belt-10Kyokushin Karate Belt Order

Colored belts have their origin in Judo, as does the training ‘gi’, or more correctly in Japanese, ‘dōgi’.

In Kyokushin Karate, each colored belt from Red Belt to Brown Belt inclusive has two levels, the second being represented by a black stripe on the tip of the belt.

There are many ideas of how the belt colours came to be, but from time long gone by, in the beginning students of a karate school would be given a White Belt. The students’ belts would gradually become stained darker from use and eventually a person who was of a high standard and who had trained for a long time would then have a brown/ black (earth coloured belt). This was an inspiring way to encourage students to train harder. Now days, the coloured belt at each level after long and endured training, including Black Belt, will commence to fade and return to purity (White Belt). Karate-ka (students) never wash their belt as it is said to contain all the time, hard toil and spirit required to attain the next level.  The only time the belt is immersed in water will be the likes of beach or waterfall training. 

Perhaps the most widely read interpretation and respected of the fundamental psychological requirements of each level is found in the book, “The Budo Karate of Mas Oyama”, written by former interpreter to Sosai Mas Oyama, and long term friend, Shihan Cameron Quinn.  It is mentioned that, Kyokushin karate has a belt grading system similar to other martial arts. The requirements of each level vary from country to country, some far more strict and more demanding than others. For example, in Australia, the grading for each level requires the student to complete the entire requirements for each level from most junior up to the rank being tested. So the student attempting Shodan (first degree black belt) as an example, will do all the White Belt requirements, then all the Red Belt requirements, the Blue Belt requirements and so on. The sparring (kumite) requirements for Shodan usually ranges from twenty to forty rounds, depending on the region.  It is quite common that contact made during sparring for Shodan is very “testing” but this is well supervised depending on the candidate’s gender, age, size, ability etc.   Regardless of those guidelines, the candidates are by this time well prepared and are well conditioned to be successful. Occassionally, a student who for what ever reason, hasn’t or couldn’t complete their grading test on any nominated date.  So, instead they may be given permission to be tested and graded in normal training environment (dojo class),  but they are still required to complete the grading format, including kumite (sparring).  In actual fact, this is the more difficult test as being in the minority, the “spot light” is directly on the candidate.

The belt assigned to each student upon commencing training is a white belt. With each successful grading attempt the student is awarded a kyu ranking, and either a stripe on his current belt or a new belt colour altogether. Grading, or promotion tests, may include Kihon (basics), Ido geiko (moving basics), Goshinjitsu (self defence), Sanbon and Ippon kumite (three and one step sparring), Kata (prescribed series of movements/forms), Kumite (sparring), all of which are aerobic training at a level for each rank.  For Black Belt, Tameshiwari (Eg board breaking techniques). Achieving a 1st dan Black Belt(Shodan), usually takes an average of around 6 years, but some students choose to take longer to be well prepared.  A belt may be awarded only by a teacher after a grading,  you will have to wait until a “grading” usually only performed 2 or 3 times a year (depending on the student) or at camps where you can see the shodan and above gradings, and rarely 50 man kumite also are performed. At the highest ranks (6th dan and above) tests are performed by international committee, or, as is more common in the post-Mas Oyama era, presented honorarily.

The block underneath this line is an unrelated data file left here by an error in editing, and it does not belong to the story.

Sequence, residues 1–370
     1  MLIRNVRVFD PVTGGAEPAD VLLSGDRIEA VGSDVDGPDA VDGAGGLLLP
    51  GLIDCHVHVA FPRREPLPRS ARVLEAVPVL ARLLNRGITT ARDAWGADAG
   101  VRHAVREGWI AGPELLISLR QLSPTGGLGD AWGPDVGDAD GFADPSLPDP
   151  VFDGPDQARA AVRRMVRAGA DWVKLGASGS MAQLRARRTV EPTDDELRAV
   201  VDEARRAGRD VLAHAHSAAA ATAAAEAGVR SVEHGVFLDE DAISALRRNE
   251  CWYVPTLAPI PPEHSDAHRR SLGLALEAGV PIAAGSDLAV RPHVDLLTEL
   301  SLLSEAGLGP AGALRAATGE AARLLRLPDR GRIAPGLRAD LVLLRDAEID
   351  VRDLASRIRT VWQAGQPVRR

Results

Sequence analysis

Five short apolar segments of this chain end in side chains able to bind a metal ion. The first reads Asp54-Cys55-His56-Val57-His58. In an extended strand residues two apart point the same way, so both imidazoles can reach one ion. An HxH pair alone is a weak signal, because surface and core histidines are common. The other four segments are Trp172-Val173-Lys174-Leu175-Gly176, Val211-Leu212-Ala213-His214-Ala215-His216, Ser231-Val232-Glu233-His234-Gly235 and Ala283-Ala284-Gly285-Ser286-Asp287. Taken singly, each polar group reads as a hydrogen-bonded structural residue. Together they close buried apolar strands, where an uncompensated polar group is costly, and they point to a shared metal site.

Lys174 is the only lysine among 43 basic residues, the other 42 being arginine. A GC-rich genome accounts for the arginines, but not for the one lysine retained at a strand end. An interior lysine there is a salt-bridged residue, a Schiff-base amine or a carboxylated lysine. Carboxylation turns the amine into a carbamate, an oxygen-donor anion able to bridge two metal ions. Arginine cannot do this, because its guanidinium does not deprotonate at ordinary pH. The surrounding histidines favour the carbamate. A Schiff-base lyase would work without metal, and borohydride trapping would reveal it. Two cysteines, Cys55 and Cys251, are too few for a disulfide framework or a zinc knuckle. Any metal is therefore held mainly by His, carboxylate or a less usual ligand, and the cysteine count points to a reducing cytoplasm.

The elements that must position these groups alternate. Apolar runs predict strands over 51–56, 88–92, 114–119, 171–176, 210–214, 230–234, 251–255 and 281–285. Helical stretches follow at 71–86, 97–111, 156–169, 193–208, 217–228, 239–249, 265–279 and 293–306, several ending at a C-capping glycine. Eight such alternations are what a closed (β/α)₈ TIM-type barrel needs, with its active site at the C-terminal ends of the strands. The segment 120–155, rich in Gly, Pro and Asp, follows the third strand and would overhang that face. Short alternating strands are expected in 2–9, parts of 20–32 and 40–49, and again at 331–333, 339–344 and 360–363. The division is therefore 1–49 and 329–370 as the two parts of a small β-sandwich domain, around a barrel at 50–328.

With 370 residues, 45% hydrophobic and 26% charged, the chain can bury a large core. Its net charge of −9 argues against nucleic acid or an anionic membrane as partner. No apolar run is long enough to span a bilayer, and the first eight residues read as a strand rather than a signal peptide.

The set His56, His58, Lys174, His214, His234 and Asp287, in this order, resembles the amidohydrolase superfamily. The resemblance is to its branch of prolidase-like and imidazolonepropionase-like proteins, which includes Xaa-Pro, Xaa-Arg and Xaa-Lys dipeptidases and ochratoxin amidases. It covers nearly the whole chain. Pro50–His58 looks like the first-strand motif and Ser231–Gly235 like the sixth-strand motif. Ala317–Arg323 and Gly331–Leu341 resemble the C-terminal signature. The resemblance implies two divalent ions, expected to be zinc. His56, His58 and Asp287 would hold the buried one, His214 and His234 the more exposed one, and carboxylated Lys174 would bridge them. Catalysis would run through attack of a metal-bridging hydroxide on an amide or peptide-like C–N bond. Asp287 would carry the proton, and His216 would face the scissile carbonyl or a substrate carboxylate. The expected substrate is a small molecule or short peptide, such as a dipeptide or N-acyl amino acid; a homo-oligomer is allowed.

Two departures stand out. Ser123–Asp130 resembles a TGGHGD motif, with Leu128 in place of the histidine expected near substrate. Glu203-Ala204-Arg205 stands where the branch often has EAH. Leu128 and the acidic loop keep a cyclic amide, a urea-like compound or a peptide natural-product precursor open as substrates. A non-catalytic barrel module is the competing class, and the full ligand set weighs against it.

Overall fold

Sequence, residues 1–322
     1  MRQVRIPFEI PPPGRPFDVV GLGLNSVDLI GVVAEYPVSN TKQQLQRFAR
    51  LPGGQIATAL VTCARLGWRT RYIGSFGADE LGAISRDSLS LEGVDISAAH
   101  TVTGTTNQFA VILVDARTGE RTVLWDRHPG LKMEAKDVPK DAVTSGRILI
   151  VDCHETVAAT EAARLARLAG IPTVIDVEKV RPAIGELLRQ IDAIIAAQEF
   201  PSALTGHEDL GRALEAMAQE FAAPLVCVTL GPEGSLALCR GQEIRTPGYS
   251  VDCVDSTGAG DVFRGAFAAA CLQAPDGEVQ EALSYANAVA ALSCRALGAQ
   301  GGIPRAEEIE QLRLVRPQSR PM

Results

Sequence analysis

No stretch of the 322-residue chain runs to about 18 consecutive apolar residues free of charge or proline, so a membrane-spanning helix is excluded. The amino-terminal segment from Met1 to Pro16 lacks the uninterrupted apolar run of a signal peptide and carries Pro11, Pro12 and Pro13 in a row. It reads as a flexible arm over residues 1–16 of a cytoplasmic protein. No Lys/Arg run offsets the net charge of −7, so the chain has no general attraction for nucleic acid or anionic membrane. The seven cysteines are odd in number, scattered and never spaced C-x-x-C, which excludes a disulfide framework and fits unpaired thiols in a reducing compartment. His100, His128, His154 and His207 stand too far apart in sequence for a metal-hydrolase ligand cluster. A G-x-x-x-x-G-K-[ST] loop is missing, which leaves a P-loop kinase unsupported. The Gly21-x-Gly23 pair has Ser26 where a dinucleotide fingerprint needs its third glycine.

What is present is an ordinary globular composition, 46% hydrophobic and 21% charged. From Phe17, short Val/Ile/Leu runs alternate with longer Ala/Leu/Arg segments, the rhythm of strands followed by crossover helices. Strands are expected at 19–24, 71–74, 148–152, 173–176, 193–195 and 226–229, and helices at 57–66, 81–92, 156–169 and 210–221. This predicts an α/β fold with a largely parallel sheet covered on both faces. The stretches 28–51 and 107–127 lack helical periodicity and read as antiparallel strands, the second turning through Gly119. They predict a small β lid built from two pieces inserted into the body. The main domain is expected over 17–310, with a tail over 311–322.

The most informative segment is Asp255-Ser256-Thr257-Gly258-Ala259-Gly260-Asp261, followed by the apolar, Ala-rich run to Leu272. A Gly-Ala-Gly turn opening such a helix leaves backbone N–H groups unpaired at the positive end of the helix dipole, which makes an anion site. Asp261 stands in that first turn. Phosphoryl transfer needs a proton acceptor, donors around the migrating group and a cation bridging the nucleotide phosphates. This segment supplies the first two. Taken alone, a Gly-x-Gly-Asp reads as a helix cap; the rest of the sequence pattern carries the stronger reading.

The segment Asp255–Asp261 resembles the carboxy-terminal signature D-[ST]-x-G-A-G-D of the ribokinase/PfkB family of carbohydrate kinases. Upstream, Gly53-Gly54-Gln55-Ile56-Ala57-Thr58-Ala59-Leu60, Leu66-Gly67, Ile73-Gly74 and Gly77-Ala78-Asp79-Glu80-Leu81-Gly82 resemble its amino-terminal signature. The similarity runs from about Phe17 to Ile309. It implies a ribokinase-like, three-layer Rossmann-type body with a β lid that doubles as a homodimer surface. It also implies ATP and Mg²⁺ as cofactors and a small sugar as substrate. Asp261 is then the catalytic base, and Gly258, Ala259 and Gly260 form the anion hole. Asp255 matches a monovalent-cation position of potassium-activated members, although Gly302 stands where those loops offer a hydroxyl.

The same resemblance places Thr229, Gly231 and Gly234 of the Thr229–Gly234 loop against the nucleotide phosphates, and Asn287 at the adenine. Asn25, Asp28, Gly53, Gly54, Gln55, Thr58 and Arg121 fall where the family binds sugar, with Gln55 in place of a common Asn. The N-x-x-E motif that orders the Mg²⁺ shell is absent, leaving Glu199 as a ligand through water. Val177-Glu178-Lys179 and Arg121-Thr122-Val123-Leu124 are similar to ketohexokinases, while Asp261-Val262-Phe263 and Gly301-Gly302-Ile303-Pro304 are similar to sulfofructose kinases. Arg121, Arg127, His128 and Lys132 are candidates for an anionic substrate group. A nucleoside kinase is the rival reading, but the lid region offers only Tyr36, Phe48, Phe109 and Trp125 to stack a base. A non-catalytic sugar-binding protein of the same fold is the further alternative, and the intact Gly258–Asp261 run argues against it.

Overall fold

Each belt has a different number of sparring rounds required and the level of intensity once again depends on the student.  We wish to provide training for everyone.  Of all aspects though, it is the strong and spirited kumite that most defines the Kyokushin style and it is this aspect that has always brought the style the most respect. The one thing that usually defined the Kyokushin Black Belt was the spirit, strength and courage.

Shodan in Kyokushin Karate is the supreme test of fortitude as well as skill.

However, it is actually too the new beginning (Sho-Dan actually means “first level”) training continues and one must only push forward to continually improve and progress……Ni-dan, San-dan, (Second Dan, Third Dan) etc….


A specific grading system for Young Lions candidates has been devised to match their training and requirements in order to assist in having them progress slowly but surely with the intent of then integrating them into the main stream / general classes. 

This system has now proven to be extremely successful in keeping children YOUNG LIONS GRADING 3 JUNE 2015involved in training until they gain knowledge, strength and confidence.  We now have numbers of Young Lions both girls and boys who have entered into mainstream Kyokushin Karate training and life.  


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